Toyota’s Land Cruiser Emergency Network is an Outback Lifesaver
Legendary SUVs provide emergency Wi-Fi messaging to one of the remotest places on Earth.
The Mars Society is an 18-year-old international non-profit dedicated to settlement and exploration of The Red Planet. In 2014 the society’s Australian arm sent researchers out to Arkaroola in Australia’s Northern Flinders Ranges for “Mars analogue research,” meaning Arkaroola is so dirty, rocky, and remote it might as well be another planet. That made the Flinders Ranges the perfect place for Toyota Australia, working with ad agency Saatch & Saatchi and Dr. Paul Gardner-Stephen at Adelaide’s Flinders University, to test the Land Cruiser Emergency Network (LEN). LEN takes advantage of the pervasive concentration of Land Cruisers in the outback to create an emergency communication network; fitted with a plug-and-play device about the size of a flashlight, each SUV becomes a node that can transmit messages to other Land Cruisers and eventually to a base station, where it’s forwarded to emergency responders.
Some numbers to set the scene: not only is Australia the third-least densely populated country in the world, more than 65 percent of the continent – about five million square kilometers, an area larger than the European Union – goes without cell service. Toyota says that, per capita, Aussies buy more of its 4x4 than anywhere else on the planet, with market share above 90 percent in some outback areas. If the automaker estimate of having roughly 500,000 Land Cruisers in service in Oz is correct, then Land Cruisers outnumber cell towers nationwide more than 30 to 1.
That makes the ‘Cruiser a natural to serve as a roaming network station. The LEN node device – modeled off an archaic scroll used to relay messages in ancient societies – uses Wi-Fi, UHF, and store-and-forward Delay Tolerant Networking (DTN) to receive and transmit geotagged SMS messages. NASA, DARPA, and the European Space Agency are studying DTN as a remote-terrain and interplanetary communication tool because it can reconcile the needs of both heterogeneous networks and interrupted connectivity. Once the device is fitted to a ‘Cruiser, it can pick up a signal from up to 15.5 miles away. When someone in an emergency sends a message from a Wi-Fi-enabled vehicle, a Land Cruiser within range ‘catches’ the message. If the next node is more than 15 miles away, that first Land Cruiser would hold onto the message until it finds another node, then send it on. In a known emergency the ‘Cruisers could be placed to provide an ad-hoc network for managing disaster response – the same kind of tech that Google, Facebook, and universities are investigating, but using drones or balloons.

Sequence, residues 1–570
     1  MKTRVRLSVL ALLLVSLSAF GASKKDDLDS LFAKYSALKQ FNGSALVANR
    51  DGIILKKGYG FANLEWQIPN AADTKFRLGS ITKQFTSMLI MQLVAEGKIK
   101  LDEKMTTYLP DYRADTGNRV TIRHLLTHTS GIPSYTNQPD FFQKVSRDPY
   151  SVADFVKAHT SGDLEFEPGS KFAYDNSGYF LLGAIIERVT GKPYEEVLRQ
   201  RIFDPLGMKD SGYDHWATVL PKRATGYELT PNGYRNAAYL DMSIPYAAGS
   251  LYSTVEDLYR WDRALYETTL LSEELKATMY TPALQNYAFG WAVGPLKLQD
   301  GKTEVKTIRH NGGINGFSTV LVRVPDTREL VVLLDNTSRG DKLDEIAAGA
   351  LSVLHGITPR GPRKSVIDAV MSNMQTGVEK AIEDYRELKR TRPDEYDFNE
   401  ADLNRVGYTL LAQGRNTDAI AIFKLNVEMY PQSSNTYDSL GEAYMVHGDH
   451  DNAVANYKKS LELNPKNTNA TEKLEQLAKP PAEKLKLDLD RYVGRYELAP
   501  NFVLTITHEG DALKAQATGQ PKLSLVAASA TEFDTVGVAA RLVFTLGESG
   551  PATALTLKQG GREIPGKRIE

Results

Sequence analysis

Gardner-Stephen co-founded the open-source messager Serval after the 2010 earthquake in Haiti, and focuses on decentralized and disaster-resistant communications systems. He and his team did the work to redesign the node hardware to use UHF signals that permit longer signal range.
Testing commenced in August 2015 using 10 Land Cruisers traveling throughout 50,000 square kilometers (a little larger than Vermont and New Hampshire combined) of the Flinders Ranges, and it apparently did well enough to warrant a public unveiling. Voice and data service isn’t possible yet, only the geotag messages, but with a successful test concluded the three interested parties are working on wider possibilities.
Toyota, Gardner-Stephen, and Saatchi want to commercialize the service, but that needs help from government. LEN would need to license a slice of the wireless spectrum, conform to emergency response protocols, and perhaps provide legal cover to a Land Cruiser drivers who didn’t roam enough to relay an emergency message to the next node. There’s also a lot more testing ahead; said the good doctor, “It’s a bit like the Death Star in the Return of the Jedi. The big gun works, but if you open the wrong door you might find the vacuum of space on the other side.”